Conclusion – Singa­pore’s Approach

39.        Singa­pore fully backs these efforts to foster regional cooperation. Our approach reflects our perspective as a small country, vulnerable to the vagaries of global forces beyond our control.  We work hard to earn a living, keep our economy open, and link up with the ever changing global network.   We assume that the world is a dangerous place, and do our best to make it less dangerous for ourselves. 

40.        We seek to be friends with all countries, while upholding our rights and interests internationally.  We will pursue win-win co-operation with all countries willing to co-operate with us.  But this does not mean that we can always accommodate the views and positions of other countries.  From time to time, issues will arise.  When our interests diverge or even when our approaches to the same problem differ, we have to put our national interest first and so must other countries.  This is the reality of the compelling pressures of relations between countries.

41.        We value our close relations with our ASEAN partners and will build on them to strengthen co-operation amongst Asian countries.  We believe that an open regional architecture, which gives all the major powers a stake in Asia, is most likely to produce a stable, predictable regional order in which countries big and small can prosper together.  We ourselves are too small to shape the major events in Asia, but we will do our part to foster peace and security in the region.  Hence we maintain capable defence forces to safeguard our own security, and contribute to the security of the region. We support a strong and effective United Nations with a reformed Security Council, as the best guarantee of an international order that is not just based on might being right.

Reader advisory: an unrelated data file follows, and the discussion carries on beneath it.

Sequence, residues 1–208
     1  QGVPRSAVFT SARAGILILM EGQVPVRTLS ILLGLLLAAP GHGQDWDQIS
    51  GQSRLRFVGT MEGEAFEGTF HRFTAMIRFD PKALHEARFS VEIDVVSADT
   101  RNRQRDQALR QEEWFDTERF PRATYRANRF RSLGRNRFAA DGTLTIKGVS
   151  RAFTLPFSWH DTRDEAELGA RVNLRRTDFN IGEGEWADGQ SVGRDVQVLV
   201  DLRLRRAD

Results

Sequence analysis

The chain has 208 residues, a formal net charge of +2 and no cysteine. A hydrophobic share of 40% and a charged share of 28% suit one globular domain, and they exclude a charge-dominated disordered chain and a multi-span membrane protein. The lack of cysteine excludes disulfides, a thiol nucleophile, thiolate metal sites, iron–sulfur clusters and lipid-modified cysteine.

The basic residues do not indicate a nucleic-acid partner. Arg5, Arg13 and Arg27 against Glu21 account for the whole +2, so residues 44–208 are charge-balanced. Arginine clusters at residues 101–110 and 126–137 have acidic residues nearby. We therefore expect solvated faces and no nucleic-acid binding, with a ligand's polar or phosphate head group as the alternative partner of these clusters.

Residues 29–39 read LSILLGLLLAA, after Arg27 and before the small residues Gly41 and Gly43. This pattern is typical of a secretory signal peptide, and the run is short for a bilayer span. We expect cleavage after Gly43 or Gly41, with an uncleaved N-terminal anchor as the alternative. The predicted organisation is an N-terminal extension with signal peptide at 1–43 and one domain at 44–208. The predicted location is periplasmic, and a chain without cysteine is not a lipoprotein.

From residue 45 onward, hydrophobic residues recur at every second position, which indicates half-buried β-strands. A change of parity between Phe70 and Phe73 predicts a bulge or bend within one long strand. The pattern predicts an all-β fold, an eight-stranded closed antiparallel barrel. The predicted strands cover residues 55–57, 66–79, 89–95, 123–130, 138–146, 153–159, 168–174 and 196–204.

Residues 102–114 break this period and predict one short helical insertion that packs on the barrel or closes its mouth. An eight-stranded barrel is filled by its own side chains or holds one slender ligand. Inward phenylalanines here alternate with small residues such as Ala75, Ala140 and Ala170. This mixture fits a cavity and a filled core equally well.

42.        Although different countries have different and sometimes conflicting interests, I believe that these principles command wide support, and provide the basis for countries to work together.  Through our collective efforts, we can rise to the challenges of terrorism, capitalise on the emergence of China and India, and manage the potential trouble spots in the region, to secure a successful future for Asia.


[1]           Jason Burke, “Think Again: Al-Qaeda”, Foreign Policy, May/June 2004.


[2]           International Crisis Group (ICG) Asia Report No. 98, “Southern Thailand: Insurgency, Not Jihad”, 18 May 05.


[3]           Institute of Defence and Strategic Studies (IDSS) Commentary, “Protecting the Malacca Straits”, 3 Mar 05.

[4]           Straits Times, “India’s Strategic Ties”, 1 Jun 05.

[5]           Japan Defence Agency (JDA), National Defence Programme Guidelines, FY2005-.